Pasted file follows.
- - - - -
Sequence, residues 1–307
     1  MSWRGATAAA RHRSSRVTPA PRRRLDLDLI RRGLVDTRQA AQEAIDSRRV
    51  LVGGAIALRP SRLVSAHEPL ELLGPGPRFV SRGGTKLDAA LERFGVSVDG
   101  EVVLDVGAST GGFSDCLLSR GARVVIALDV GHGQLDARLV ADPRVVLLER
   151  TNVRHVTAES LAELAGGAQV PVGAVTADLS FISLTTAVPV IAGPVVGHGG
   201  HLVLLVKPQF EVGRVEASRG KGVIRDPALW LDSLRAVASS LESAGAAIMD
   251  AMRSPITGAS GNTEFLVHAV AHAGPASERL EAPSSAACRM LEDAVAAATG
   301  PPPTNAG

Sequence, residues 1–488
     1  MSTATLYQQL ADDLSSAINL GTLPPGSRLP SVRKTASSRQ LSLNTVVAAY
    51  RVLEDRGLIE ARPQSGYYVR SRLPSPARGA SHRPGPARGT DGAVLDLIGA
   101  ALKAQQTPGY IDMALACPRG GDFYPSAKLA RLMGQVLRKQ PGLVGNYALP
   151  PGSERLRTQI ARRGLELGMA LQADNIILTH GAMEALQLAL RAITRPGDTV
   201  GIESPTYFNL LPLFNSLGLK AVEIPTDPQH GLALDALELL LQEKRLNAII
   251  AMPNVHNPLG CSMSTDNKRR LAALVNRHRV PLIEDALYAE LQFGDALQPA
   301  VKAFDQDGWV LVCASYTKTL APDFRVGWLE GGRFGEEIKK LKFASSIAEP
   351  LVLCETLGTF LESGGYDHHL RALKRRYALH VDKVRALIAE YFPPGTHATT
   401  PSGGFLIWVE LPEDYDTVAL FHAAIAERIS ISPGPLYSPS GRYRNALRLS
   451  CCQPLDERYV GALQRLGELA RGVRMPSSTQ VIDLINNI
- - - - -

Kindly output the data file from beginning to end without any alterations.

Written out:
Sequence, residues 1–307
     1  MSWRGATAAA RHRSSRVTPA PRRRLDLDLI RRGLVDTRQA AQEAIDSRRV
    51  LVGGAIALRP SRLVSAHEPL ELLGPGPRFV SRGGTKLDAA LERFGVSVDG
   101  EVVLDVGAST GGFSDCLLSR GARVVIALDV GHGQLDARLV ADPRVVLLER
   151  TNVRHVTAES LAELAGGAQV PVGAVTADLS FISLTTAVPV IAGPVVGHGG
   201  HLVLLVKPQF EVGRVEASRG KGVIRDPALW LDSLRAVASS LESAGAAIMD
   251  AMRSPITGAS GNTEFLVHAV AHAGPASERL EAPSSAACRM LEDAVAAATG
   301  PPPTNAG

Sequence, residues 1–488
     1  MSTATLYQQL ADDLSSAINL GTLPPGSRLP SVRKTASSRQ LSLNTVVAAY
    51  RVLEDRGLIE ARPQSGYYVR SRLPSPARGA SHRPGPARGT DGAVLDLIGA
   101  ALKAQQTPGY IDMALACPRG GDFYPSAKLA RLMGQVLRKQ PGLVGNYALP
   151  PGSERLRTQI ARRGLELGMA LQADNIILTH GAMEALQLAL RAITRPGDTV
   201  GIESPTYFNL LPLFNSLGLK AVEIPTDPQH GLALDALELL LQEKRLNAII
   251  AMPNVHNPLG CSMSTDNKRR LAALVNRHRV PLIEDALYAE LQFGDALQPA
   301  VKAFDQDGWV LVCASYTKTL APDFRVGWLE GGRFGEEIKK LKFASSIAEP
   351  LVLCETLGTF LESGGYDHHL RALKRRYALH VDKVRALIAE YFPPGTHATT
   401  PSGGFLIWVE LPEDYDTVAL FHAAIAERIS ISPGPLYSPS GRYRNALRLS
   451  CCQPLDERYV GALQRLGELA RGVRMPSSTQ VIDLINNI